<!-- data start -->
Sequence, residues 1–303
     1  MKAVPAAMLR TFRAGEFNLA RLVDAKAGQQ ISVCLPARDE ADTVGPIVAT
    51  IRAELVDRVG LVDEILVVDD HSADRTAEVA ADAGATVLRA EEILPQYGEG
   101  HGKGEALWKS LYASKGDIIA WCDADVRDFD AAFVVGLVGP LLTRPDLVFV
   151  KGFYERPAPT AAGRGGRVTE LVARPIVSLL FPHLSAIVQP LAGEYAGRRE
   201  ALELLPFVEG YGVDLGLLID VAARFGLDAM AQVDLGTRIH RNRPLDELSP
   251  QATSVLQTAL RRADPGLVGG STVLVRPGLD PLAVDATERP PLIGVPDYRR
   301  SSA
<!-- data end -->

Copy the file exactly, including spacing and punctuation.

Sequence, residues 1–303
     1  MKAVPAAMLR TFRAGEFNLA RLVDAKAGQQ ISVCLPARDE ADTVGPIVAT
    51  IRAELVDRVG LVDEILVVDD HSADRTAEVA ADAGATVLRA EEILPQYGEG
   101  HGKGEALWKS LYASKGDIIA WCDADVRDFD AAFVVGLVGP LLTRPDLVFV
   151  KGFYERPAPT AAGRGGRVTE LVARPIVSLL FPHLSAIVQP LAGEYAGRRE
   201  ALELLPFVEG YGVDLGLLID VAARFGLDAM AQVDLGTRIH RNRPLDELSP
   251  QATSVLQTAL RRADPGLVGG STVLVRPGLD PLAVDATERP PLIGVPDYRR
   301  SSA